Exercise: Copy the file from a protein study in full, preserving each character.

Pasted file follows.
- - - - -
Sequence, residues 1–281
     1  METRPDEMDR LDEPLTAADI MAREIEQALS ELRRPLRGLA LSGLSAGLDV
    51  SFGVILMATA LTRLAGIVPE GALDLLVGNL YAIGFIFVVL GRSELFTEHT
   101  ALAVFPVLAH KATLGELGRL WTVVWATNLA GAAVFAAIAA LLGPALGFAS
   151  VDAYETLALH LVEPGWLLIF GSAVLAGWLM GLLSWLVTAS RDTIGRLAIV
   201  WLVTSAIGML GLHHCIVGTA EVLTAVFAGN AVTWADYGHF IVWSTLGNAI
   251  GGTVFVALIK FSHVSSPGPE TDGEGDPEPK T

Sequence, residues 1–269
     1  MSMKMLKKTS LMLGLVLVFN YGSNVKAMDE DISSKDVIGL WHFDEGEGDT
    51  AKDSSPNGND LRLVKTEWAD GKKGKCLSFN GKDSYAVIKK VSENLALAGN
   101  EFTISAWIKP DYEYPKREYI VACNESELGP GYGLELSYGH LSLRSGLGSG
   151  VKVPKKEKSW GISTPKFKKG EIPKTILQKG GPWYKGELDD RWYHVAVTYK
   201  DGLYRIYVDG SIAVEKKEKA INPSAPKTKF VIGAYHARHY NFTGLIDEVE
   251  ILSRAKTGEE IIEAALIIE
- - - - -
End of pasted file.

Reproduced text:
Sequence, residues 1–281
     1  METRPDEMDR LDEPLTAADI MAREIEQALS ELRRPLRGLA LSGLSAGLDV
    51  SFGVILMATA LTRLAGIVPE GALDLLVGNL YAIGFIFVVL GRSELFTEHT
   101  ALAVFPVLAH KATLGELGRL WTVVWATNLA GAAVFAAIAA LLGPALGFAS
   151  VDAYETLALH LVEPGWLLIF GSAVLAGWLM GLLSWLVTAS RDTIGRLAIV
   201  WLVTSAIGML GLHHCIVGTA EVLTAVFAGN AVTWADYGHF IVWSTLGNAI
   251  GGTVFVALIK FSHVSSPGPE TDGEGDPEPK T

Sequence, residues 1–269
     1  MSMKMLKKTS LMLGLVLVFN YGSNVKAMDE DISSKDVIGL WHFDEGEGDT
    51  AKDSSPNGND LRLVKTEWAD GKKGKCLSFN GKDSYAVIKK VSENLALAGN
   101  EFTISAWIKP DYEYPKREYI VACNESELGP GYGLELSYGH LSLRSGLGSG
   151  VKVPKKEKSW GISTPKFKKG EIPKTILQKG GPWYKGELDD RWYHVAVTYK
   201  DGLYRIYVDG SIAVEKKEKA INPSAPKTKF VIGAYHARHY NFTGLIDEVE
   251  ILSRAKTGEE IIEAALIIE